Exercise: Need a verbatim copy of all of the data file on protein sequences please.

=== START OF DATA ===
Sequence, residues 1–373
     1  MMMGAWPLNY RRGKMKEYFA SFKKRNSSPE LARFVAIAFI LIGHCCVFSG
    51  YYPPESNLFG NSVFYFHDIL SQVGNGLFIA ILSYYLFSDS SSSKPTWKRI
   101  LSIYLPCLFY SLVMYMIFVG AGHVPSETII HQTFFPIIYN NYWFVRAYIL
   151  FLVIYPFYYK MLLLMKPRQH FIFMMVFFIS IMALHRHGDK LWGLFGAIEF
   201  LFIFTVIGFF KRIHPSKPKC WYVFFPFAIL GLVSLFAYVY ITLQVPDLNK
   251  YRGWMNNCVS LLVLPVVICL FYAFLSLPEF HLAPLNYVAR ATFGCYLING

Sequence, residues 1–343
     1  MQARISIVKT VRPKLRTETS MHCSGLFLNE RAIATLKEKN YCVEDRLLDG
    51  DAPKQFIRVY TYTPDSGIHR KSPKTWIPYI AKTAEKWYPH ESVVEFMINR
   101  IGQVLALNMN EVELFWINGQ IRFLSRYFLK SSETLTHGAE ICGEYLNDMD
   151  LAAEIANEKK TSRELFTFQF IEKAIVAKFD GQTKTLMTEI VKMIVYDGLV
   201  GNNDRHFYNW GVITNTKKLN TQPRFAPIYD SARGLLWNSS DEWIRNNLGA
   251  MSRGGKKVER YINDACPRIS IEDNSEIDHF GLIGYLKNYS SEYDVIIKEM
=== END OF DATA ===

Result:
Sequence, residues 1–373
     1  MMMGAWPLNY RRGKMKEYFA SFKKRNSSPE LARFVAIAFI LIGHCCVFSG
    51  YYPPESNLFG NSVFYFHDIL SQVGNGLFIA ILSYYLFSDS SSSKPTWKRI
   101  LSIYLPCLFY SLVMYMIFVG AGHVPSETII HQTFFPIIYN NYWFVRAYIL
   151  FLVIYPFYYK MLLLMKPRQH FIFMMVFFIS IMALHRHGDK LWGLFGAIEF
   201  LFIFTVIGFF KRIHPSKPKC WYVFFPFAIL GLVSLFAYVY ITLQVPDLNK
   251  YRGWMNNCVS LLVLPVVICL FYAFLSLPEF HLAPLNYVAR ATFGCYLING

Sequence, residues 1–343
     1  MQARISIVKT VRPKLRTETS MHCSGLFLNE RAIATLKEKN YCVEDRLLDG
    51  DAPKQFIRVY TYTPDSGIHR KSPKTWIPYI AKTAEKWYPH ESVVEFMINR
   101  IGQVLALNMN EVELFWINGQ IRFLSRYFLK SSETLTHGAE ICGEYLNDMD
   151  LAAEIANEKK TSRELFTFQF IEKAIVAKFD GQTKTLMTEI VKMIVYDGLV
   201  GNNDRHFYNW GVITNTKKLN TQPRFAPIYD SARGLLWNSS DEWIRNNLGA
   251  MSRGGKKVER YINDACPRIS IEDNSEIDHF GLIGYLKNYS SEYDVIIKEM